A few comments:
A dictionary is vastly more than a “history of past usage.” It is a cultural touchstone. This may not be apparent to those without high degree of mobility, but the existence of dictionaries (and especially inter-language dictionaries) is critical to the ability of complete strangers (even in the cultural sense) to interact. I think we universally underestimate the extent to which our culture enables our “meaningful” interaction.
Your last sentence is right on the mark—we can start inventing all sorts of new definitions but we need to be very careful that we don’t stray too far into our own language. We might corrode our ability to interact meaningfully with life-giver “society.”
I have noted a very large number of multi-meaning words in english—note, interestingly, that Japanese has multiple kanji representations of words with similar, but not equivalent, meanings and same readings—e.g. 見るvs.観る both being read “miru” and the first meaning “to see” (e.g. to see a tree) with the second meaning “to watch” (e.g. to watch a movie).
By this point the intellectual community (and especially the philosophical) is sufficiently diffuse that very very important words (e.g. “context,” “content,” “concept,” “abstraction”) have lost their meaning or become tremendously blurred.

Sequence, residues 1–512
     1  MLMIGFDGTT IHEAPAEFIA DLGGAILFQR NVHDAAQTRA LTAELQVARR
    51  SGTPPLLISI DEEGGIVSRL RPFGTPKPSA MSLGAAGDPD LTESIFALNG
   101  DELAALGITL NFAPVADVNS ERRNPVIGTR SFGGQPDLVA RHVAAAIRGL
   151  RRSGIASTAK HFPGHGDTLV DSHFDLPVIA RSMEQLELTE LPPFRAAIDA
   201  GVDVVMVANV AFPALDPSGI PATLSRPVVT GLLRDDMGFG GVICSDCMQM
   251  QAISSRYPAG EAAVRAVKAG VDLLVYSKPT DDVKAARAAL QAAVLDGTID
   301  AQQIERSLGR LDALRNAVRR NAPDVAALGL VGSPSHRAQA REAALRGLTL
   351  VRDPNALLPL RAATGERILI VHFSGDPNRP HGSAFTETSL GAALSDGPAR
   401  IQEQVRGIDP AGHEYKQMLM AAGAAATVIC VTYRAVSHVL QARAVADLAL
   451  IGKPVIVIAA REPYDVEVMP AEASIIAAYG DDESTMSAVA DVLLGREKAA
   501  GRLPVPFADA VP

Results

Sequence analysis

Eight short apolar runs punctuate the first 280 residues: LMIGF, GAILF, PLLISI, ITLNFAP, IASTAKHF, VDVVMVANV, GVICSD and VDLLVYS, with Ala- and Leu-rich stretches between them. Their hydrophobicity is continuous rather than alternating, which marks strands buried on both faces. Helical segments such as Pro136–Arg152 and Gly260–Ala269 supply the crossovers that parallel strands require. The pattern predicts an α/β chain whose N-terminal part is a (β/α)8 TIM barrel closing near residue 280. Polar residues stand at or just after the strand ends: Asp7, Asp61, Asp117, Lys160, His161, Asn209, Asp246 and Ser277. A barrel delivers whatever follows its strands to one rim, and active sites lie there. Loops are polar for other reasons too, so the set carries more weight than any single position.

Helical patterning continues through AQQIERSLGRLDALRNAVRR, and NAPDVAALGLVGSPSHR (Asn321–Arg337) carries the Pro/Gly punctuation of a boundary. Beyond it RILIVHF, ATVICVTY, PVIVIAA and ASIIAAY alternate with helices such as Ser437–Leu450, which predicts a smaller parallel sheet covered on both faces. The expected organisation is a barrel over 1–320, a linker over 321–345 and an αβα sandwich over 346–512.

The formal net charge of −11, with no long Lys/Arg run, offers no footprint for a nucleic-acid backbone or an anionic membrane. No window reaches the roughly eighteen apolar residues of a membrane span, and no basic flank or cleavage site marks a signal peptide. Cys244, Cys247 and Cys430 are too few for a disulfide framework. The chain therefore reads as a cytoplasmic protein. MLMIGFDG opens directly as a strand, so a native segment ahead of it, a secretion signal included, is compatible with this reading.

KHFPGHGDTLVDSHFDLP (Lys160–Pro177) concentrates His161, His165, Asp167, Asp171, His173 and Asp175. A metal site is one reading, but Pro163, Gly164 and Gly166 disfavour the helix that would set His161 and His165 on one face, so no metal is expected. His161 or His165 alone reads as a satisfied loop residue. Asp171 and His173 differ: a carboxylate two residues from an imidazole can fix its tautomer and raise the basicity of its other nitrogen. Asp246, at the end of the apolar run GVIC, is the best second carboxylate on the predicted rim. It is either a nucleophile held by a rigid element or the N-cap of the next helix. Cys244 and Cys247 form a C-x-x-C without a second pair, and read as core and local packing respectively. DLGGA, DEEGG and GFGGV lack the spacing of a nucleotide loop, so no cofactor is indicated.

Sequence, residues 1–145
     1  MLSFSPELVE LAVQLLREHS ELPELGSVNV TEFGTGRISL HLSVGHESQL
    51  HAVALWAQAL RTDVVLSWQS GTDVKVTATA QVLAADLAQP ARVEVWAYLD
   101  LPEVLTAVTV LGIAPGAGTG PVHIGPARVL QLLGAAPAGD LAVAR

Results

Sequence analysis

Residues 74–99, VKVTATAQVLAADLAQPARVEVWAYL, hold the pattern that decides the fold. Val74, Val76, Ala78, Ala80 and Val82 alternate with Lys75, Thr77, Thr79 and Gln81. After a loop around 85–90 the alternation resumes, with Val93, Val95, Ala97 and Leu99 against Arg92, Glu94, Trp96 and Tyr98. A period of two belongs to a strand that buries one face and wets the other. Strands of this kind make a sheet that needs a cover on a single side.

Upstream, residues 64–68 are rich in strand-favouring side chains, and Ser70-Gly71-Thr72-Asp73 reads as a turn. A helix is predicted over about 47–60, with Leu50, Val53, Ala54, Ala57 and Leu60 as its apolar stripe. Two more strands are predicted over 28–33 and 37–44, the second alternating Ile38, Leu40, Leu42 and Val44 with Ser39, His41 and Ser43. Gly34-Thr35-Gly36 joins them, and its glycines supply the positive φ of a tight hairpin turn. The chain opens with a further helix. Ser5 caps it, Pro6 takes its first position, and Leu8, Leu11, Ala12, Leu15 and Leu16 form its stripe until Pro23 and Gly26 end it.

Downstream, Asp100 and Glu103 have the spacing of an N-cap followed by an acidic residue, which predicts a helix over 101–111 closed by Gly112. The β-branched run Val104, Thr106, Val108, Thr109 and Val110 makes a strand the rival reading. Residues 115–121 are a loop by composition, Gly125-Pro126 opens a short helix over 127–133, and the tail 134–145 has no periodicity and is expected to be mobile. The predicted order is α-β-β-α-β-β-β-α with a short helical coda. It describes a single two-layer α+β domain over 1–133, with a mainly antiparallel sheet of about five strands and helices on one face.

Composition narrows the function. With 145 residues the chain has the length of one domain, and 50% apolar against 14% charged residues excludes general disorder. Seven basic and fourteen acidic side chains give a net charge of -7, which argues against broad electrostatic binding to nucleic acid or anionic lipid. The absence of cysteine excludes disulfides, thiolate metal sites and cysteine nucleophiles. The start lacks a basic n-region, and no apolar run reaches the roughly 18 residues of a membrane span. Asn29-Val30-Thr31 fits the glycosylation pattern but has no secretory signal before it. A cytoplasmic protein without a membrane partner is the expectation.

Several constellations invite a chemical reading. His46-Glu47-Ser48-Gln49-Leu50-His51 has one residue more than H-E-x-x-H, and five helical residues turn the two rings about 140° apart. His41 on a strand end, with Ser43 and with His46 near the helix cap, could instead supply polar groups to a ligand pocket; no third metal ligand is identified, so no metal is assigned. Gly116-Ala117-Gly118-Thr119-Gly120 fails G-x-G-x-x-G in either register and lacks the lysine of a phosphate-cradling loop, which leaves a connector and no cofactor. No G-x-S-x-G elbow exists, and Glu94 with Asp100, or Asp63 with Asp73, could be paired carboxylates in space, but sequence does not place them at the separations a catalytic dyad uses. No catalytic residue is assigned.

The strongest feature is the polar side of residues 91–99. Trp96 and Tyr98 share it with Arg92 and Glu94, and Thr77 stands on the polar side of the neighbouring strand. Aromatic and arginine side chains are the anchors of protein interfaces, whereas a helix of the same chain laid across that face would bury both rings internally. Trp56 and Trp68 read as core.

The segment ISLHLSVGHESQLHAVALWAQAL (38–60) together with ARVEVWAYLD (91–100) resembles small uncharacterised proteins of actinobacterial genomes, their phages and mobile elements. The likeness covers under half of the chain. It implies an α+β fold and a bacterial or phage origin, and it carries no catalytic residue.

Your point that the fight to define a word is really the fight to assert a moral position/worldview/what-have-you is extremely interesting. I hadn’t thought about it that way.
It immediately brings to mind the question of “how do we define definition?” which is infinitely interesting. If we define “definition” then we must necessarily be doing so in a context that is removed from the context in which we are defining “definition.” This immediately implies that there is no universal sense in which words can be “defined” but that there are infinite senses in which words can be “defined.” When two entities conflict on a definition they are both thinking in contexts which are removed from the context in question (e.g. the characters thinking about the tree are arguing about the correct procedure for creating a common-usage definition). But most people do not think in this meta-context often which is why they have woefully underdeveloped vocabularies and theories w/r/t it. Thus, frustration. Thus, anger. But it’s just a silly tree!